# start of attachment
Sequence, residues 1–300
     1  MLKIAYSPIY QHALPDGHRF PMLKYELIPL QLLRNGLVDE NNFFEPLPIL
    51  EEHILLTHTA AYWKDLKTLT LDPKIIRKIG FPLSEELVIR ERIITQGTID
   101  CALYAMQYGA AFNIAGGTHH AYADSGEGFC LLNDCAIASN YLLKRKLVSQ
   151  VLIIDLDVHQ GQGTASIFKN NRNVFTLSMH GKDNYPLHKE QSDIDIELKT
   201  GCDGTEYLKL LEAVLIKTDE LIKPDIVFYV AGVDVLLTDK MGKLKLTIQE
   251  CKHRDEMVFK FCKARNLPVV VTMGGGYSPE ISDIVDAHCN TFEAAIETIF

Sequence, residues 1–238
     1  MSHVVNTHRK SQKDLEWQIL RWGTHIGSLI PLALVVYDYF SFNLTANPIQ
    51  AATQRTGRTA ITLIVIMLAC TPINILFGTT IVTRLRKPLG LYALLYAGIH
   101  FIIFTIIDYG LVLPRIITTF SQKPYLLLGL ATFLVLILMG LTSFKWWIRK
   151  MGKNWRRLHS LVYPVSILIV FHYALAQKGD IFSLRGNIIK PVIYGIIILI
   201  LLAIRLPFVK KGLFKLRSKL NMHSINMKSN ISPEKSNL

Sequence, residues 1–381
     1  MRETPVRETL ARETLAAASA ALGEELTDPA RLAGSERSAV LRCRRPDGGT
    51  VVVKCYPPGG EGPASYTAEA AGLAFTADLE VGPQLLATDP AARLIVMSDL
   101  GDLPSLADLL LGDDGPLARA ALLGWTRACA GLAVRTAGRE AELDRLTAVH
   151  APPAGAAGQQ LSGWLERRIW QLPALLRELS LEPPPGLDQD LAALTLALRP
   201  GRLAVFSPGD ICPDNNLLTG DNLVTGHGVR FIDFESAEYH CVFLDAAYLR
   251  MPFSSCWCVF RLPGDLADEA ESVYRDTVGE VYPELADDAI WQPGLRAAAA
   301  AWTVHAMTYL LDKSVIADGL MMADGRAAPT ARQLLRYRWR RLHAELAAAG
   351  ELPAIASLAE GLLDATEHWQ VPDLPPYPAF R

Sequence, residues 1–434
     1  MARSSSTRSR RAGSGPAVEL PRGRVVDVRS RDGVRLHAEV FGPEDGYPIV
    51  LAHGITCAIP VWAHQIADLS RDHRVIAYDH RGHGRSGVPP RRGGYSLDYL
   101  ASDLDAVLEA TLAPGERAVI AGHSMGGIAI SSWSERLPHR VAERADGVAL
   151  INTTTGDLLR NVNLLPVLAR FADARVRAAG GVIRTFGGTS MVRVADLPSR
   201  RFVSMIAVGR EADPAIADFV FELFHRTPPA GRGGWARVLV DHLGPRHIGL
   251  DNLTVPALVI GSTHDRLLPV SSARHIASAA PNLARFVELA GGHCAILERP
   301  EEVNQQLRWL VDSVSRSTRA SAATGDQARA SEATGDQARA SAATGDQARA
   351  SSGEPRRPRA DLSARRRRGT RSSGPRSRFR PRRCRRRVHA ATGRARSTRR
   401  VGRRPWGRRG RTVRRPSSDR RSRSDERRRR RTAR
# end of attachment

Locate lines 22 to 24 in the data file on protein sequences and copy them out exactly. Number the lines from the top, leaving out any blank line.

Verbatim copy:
   351  ELPAIASLAE GLLDATEHWQ VPDLPPYPAF R

Sequence, residues 1–434
     1  MARSSSTRSR RAGSGPAVEL PRGRVVDVRS RDGVRLHAEV FGPEDGYPIV